Mud Directed by: Jeff Nichols Cast: Matthew McConaughey, Tye Sheridan, Jacob Lofland, Reese Witherspoon, Michael Shannon Running Time: 2 hrs 10 mins Rating: PG-13 Release Date: April 26, 2013
PLOT: Two young men in Arkansas (Sheridan and Lofland) decide to help a man who is mysteriously hiding from civilization (McConaughey).
WHO'S IT FOR? Fans of McConaughey 2.0, Take Shelter, and other slowly paced American dramas.
The McConaughey Revolution continues with Mud, a film from Take Shelter director Jeff Nichols who apparently wrote this role for McConaughey before movies like Magic Mike, Killer Joe, and even Bernie made audiences reconsider his acting potential. Here, McConaughey is once again in compelling form, physically recognizable by being constantly shirtless and still handsome, but yet mysterious in what he brings to an already intriguing character. As Mud, McConaughey is able to best utilize the two aspects he can bring as an actor - he can seem larger than life, like in Killer Joe, or he can be a piece of the real world, as in his sly work in Bernie. Here, McConaughey is a fairytale that becomes a dirty reality.
The wisdom of Mud is of its honesty to both adolescence and adulthood, and how the two don't understand each other. Nichols' storytelling especially works well from the perspective of Sheridan's Ellis and his friend Neckbone (Lofland) as two growing boys who struggle to understand the conflicts of the adults in their lives (as Ellis screams to his dysfunctional parents, "You are married, you are supposed to love each other!").
These worlds are powerfully linked with Sheridan and McConaughey, their lives mirrored to the point in which McConaughey even says to Ellis, "You remind me of me." Mud becomes just as much about Ellis' coming of age as it does this tale of a man who begins as a fairytale, and ends up as a story about the real adult world. That being said, the poetry within Mud between its two characters can sometimes rhyme too neatly, the connections between Mud and Ellis turning into mini spoilers for each other's arcs. If one things happens to one, it becomes almost guaranteed a similar thing while happen to other, in their own way (such as with the two characters and their understanding of their women).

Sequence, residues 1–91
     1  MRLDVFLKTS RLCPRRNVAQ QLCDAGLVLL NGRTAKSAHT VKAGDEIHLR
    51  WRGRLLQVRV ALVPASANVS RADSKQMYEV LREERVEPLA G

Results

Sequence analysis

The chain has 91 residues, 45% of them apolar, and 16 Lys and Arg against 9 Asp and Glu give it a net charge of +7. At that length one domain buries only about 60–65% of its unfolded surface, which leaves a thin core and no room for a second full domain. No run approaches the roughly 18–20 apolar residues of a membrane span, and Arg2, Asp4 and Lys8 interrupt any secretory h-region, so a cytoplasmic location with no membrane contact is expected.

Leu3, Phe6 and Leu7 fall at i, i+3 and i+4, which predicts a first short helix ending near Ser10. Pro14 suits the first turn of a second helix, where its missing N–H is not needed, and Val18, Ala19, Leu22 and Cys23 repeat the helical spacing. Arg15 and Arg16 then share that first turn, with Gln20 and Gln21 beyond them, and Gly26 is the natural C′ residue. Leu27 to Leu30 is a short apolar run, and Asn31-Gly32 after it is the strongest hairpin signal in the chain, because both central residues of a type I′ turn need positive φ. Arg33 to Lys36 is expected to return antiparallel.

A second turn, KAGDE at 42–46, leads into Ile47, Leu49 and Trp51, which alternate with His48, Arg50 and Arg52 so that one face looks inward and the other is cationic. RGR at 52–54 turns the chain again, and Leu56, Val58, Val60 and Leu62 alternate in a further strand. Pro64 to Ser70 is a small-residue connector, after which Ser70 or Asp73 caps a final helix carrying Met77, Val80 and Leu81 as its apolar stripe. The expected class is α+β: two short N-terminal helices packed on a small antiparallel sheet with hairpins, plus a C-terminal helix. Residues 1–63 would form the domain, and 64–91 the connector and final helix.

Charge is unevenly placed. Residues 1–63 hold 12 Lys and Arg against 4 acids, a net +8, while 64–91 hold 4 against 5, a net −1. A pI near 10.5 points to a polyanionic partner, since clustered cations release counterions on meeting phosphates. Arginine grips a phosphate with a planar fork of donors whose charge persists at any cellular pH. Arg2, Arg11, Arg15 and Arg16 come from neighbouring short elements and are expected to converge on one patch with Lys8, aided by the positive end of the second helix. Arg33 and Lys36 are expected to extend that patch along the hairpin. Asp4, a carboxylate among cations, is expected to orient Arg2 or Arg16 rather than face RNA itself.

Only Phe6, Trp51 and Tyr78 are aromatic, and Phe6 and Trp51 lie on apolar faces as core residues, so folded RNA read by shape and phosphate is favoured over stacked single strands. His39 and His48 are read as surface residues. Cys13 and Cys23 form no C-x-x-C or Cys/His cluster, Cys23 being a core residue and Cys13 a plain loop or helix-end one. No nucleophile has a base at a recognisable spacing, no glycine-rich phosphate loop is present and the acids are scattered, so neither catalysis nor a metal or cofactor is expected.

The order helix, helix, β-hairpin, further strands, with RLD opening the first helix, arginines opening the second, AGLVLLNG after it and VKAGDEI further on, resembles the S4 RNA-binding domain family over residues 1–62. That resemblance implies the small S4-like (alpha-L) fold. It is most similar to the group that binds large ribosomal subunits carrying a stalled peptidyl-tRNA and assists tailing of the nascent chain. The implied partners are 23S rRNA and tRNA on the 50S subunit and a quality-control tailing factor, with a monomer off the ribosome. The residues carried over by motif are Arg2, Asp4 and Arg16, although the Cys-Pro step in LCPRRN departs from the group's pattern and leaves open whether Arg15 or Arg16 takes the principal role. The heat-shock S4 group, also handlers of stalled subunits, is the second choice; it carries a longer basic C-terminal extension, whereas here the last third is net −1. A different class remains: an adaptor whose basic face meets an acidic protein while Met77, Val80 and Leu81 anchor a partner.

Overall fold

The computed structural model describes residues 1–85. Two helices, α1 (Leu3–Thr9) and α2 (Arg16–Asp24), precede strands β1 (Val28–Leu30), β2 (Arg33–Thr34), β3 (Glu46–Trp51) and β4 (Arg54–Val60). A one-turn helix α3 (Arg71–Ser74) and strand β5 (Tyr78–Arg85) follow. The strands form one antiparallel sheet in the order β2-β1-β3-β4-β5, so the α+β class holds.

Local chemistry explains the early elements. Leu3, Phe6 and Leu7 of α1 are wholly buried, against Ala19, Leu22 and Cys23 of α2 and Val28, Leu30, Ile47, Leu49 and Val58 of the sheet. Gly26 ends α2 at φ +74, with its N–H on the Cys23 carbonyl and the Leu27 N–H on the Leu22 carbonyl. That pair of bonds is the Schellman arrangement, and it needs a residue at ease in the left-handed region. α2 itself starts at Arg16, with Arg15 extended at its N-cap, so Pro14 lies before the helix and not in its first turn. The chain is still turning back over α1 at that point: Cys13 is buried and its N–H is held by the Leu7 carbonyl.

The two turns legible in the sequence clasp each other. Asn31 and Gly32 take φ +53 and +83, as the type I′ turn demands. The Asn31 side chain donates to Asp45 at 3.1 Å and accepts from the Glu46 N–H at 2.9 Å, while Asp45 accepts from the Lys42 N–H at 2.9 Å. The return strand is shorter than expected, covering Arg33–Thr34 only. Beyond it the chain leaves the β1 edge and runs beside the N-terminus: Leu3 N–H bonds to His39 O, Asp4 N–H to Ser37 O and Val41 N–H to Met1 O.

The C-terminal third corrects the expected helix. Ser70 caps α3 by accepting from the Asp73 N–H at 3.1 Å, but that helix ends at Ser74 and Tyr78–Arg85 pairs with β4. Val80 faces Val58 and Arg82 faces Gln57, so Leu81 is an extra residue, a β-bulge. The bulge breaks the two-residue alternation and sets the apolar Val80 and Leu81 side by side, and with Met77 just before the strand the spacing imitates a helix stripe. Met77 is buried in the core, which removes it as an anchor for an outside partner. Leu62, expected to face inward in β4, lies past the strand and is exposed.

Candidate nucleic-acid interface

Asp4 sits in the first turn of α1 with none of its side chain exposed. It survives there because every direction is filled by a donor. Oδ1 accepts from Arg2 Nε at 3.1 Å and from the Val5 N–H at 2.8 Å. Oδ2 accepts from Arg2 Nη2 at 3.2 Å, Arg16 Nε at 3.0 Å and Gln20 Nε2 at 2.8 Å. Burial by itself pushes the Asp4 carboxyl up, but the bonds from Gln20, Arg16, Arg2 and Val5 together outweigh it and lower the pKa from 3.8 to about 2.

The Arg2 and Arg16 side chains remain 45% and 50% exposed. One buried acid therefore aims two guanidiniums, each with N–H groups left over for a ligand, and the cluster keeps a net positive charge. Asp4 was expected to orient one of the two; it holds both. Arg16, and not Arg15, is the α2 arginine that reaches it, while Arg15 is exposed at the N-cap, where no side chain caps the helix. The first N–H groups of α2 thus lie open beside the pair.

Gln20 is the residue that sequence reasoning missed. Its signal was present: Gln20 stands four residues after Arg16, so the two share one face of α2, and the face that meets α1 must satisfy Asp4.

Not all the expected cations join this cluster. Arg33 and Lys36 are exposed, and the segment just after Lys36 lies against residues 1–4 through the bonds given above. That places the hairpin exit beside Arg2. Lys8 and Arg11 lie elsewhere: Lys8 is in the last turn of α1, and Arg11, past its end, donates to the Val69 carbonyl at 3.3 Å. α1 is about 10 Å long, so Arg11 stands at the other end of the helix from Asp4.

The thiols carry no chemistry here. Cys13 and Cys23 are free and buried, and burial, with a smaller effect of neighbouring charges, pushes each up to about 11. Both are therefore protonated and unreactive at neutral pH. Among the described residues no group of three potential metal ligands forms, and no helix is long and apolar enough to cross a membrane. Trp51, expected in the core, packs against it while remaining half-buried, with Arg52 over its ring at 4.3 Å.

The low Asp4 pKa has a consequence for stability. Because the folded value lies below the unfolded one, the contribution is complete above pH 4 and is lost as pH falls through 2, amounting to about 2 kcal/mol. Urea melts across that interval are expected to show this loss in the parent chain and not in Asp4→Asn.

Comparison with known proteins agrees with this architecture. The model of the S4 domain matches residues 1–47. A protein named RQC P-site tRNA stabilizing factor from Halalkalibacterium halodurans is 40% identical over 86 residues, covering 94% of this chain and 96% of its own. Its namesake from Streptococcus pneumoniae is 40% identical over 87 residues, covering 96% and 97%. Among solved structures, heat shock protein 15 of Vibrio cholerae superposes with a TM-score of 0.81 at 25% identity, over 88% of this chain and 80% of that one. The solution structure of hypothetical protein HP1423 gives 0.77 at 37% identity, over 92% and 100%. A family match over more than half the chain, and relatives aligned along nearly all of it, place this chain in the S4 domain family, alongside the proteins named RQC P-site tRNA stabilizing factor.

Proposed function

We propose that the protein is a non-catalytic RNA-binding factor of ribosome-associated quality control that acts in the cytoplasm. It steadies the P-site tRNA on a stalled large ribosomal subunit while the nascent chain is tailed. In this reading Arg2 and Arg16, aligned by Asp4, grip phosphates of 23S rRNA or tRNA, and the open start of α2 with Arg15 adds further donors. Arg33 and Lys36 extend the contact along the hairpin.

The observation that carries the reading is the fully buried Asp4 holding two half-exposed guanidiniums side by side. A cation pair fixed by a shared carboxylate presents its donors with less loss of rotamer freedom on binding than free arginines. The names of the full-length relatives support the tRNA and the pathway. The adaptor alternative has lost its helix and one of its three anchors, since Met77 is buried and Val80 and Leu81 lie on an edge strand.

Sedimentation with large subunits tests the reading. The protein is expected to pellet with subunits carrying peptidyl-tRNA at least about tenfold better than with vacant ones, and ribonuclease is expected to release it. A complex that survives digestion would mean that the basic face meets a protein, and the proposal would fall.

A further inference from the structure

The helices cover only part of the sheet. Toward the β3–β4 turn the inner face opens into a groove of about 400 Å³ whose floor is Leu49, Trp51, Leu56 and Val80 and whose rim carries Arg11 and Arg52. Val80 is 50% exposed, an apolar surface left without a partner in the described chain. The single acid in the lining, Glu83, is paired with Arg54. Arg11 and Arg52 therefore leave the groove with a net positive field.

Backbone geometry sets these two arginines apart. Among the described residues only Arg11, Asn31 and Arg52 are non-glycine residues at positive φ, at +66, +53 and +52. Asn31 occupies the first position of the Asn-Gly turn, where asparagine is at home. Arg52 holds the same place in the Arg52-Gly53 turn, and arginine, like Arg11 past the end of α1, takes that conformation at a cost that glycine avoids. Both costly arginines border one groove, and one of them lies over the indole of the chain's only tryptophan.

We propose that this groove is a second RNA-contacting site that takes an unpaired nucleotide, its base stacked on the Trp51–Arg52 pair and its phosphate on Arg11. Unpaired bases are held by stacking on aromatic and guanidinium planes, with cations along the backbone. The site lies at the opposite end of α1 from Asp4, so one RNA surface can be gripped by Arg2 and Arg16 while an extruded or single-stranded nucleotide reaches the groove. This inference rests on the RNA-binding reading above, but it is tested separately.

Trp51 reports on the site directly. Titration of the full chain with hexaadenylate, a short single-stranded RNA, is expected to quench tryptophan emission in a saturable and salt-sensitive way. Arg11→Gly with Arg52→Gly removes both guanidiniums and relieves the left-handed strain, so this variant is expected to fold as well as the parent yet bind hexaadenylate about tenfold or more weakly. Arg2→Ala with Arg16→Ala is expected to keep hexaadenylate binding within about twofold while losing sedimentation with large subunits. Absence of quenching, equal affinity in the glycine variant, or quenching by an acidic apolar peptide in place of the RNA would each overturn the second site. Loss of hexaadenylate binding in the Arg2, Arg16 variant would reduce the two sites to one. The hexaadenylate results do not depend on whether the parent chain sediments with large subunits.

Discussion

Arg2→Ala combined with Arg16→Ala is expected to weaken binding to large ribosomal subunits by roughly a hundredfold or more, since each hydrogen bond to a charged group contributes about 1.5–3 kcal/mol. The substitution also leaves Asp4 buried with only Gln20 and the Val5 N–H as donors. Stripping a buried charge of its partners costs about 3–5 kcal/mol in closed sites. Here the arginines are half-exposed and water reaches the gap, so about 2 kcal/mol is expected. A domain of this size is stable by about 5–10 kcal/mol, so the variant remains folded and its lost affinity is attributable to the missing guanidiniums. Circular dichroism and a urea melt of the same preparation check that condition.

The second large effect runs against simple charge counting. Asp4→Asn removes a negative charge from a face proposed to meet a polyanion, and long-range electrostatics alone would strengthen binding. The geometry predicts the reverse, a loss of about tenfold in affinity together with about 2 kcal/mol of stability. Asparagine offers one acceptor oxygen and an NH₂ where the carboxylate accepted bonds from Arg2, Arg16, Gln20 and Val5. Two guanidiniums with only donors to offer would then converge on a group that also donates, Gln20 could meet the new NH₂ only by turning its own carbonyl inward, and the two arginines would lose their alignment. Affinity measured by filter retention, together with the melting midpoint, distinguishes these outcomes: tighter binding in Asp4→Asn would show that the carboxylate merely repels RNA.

Mud is the type of original screenplay that reads out like a very solid novel. Its locations are vivid, their humble beauty captured by the sharp eye of cinematographer Adam Stone (who previously shot Nichols' Take Shelter, and also Craig Zobel's Compliance). Characters are inspired; even those with minimal dialogue have effective influence to the arc, and heart of the story. Even the pacing is from a writer who wants his audience to soak up the atmosphere of his story, as it sends two young characters back and forth to an island, in which the mysterious title character hides. Mud is rich storytelling as usually not to be found in mainstream releases (this movie comes from studio Lionsgate).
In fact, Mud doesn't just read like a very solid novel, but a specific one: "To Kill A Mockingbird."
Such a comparison does not come with negative significance, as that's a fine novel to be compared to, as well as one that has an arc that doesn't seem that common in modern storytelling. Mud is able to have a heart of its own, and it certainly doesn't walk in all of "Mockingbird's" footprints. Still, Mud finds a similar resonating theme, one with an understanding that reaches across age groups, with its own tale of two kids who understand the mystery of adulthood through the saga of a handsome and shirtless Boo Radley.
FINAL SCORE: 7/10